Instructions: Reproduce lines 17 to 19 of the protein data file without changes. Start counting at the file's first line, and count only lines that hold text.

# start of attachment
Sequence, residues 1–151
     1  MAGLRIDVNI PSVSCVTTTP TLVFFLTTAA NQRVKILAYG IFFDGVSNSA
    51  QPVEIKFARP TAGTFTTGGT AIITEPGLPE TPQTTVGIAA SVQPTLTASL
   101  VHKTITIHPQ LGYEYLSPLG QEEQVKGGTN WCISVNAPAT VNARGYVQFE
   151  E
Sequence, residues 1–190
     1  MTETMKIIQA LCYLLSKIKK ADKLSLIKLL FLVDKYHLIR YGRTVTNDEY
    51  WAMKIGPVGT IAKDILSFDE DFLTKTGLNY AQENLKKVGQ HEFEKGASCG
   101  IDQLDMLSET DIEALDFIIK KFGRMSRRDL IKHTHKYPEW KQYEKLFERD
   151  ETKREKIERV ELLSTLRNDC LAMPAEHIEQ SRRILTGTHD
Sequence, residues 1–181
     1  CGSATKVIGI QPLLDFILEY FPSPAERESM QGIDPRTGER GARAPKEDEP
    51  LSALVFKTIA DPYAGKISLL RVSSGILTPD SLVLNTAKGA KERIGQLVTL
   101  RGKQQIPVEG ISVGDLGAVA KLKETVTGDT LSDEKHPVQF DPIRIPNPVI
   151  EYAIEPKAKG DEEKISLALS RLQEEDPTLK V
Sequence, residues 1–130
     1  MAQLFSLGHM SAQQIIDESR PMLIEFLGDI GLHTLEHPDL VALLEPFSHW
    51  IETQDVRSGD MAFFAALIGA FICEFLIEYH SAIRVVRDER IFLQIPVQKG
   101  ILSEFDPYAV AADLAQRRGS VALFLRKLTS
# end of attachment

     1  MAQLFSLGHM SAQQIIDESR PMLIEFLGDI GLHTLEHPDL VALLEPFSHW
    51  IETQDVRSGD MAFFAALIGA FICEFLIEYH SAIRVVRDER IFLQIPVQKG
   101  ILSEFDPYAV AADLAQRRGS VALFLRKLTS